Cyber Buffet Summer 2024


OT Security

Operational Technology (OT) is hardware and software that controls physical processes like factories and power plants. These processes are far more efficient when networked services monitor, control, and automate them, but also are exposed to network attacks. The primary OT protocols, such as Modbus and DNP3, are decades old and lack security features. This class covers the risks of OT installations and how to secure them.

No experience with programming or hardware is required. It's recommended to have familiarity with networking at the Network+ level.

Mobile App Security

Practice finding flaws in real Android and iOS apps in this workshop, and you will be ready to avoid making similar security errors in your own apps.

Android apps are very easy to unpack, analyze, modify, and repack; partly because of the open nature of the system, and partly because most companies neglect basic security measures. In this workshop, participants will hack apps from tProgressive Insurance, IBM, Harvard, the Indian government, and other large organizations. We will find insecure network transmissions, broken cryptography, improper logging, and pervasive lack of binary protections.

Some experience with Java coding is helpful but not necessary.

Malware Analysis

Analyze malware to find indicators of compromise using static and dynamic techniques. We will modify Windows code to cheat at games and examine the actions of malware, including droppers, botnets, and keyloggers. We will use PEstudio, IDA Pro, Ghidra, OllyDbg and other tools.

Familiarity with programming in C and assembler is helpful but not necessary.

Introduction to Exploit Development

Learn how to take control of Windows and Linux servers running vulnerable software, in a hands-on CTF-style workshop. We begin with easy command injections and SQL injections, and proceed through binary exploits incuding buffer overflows on the stack and the heap, format string vulnerabilities, and race conditions.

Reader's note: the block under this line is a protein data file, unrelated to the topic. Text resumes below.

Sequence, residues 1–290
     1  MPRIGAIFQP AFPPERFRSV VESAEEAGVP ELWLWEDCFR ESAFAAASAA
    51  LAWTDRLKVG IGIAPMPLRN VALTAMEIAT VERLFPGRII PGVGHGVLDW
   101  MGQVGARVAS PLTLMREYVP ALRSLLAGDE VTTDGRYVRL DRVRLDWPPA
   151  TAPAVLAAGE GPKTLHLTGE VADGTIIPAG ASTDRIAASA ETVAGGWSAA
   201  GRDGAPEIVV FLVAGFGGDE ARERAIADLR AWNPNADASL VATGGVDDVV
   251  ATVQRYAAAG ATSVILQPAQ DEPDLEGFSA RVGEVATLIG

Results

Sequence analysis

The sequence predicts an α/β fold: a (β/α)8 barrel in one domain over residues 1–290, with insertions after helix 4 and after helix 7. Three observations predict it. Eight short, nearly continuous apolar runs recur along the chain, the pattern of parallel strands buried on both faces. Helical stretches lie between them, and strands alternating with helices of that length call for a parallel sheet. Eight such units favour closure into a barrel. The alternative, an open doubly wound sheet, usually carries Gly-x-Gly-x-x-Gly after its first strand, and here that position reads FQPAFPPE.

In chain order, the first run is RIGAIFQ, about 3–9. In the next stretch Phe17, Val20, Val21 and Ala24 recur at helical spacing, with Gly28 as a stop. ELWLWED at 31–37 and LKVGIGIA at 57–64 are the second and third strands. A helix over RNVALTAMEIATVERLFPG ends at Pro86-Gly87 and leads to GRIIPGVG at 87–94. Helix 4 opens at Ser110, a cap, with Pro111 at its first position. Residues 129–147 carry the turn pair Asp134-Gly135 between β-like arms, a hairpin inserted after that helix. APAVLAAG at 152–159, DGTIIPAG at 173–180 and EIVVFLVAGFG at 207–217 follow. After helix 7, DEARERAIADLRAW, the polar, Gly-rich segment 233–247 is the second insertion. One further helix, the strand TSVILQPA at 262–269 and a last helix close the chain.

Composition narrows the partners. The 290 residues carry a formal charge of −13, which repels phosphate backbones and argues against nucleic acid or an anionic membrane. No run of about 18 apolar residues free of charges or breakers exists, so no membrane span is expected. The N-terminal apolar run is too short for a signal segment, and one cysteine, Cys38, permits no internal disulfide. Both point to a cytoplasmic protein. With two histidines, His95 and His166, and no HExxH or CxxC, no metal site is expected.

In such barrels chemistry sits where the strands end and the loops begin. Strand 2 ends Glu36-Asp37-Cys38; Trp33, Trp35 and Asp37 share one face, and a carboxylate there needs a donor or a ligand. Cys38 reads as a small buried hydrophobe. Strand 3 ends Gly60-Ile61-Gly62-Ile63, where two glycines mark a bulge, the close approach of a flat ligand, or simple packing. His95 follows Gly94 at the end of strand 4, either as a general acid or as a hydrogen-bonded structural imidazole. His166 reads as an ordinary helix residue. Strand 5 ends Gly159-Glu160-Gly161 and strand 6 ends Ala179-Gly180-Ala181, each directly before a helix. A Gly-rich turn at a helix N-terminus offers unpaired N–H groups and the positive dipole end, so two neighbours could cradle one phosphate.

After this workshop, you will understand how memory is used by software, and why computers are so easily tricked into executing bytes as code that entered the system as data.

We will exploit 32-bit and 64-bit Intel systems, and also ARM-based systems. We will examine modern Windows defenses in detail and how to defeat them, including ASLR, DEP, stack cookies, and SEHOP.

Previous experience with C and assembly language is helpful but not required.

Secure Coding

Learn how to find vulnerabilities in code and fix them. First we will discuss threat analysis and how to prioritize risks using the STRIDE model and the CVSS scoring system. Then participants will examine deliberately insecure apps written in PHP, NodeJS, or other common languages. They will work in groups, and use three methods to find flaws: a source code scanner, a dynamic vulnerability scanner, and manual testing. Discussions during and after these examinations will help the participants understand how to apply these techniques to improve the quality of the code they write.

Prior knowledge: participants should have some experience coding apps in any language.

Last Updated: 2-20-24 3:11 pm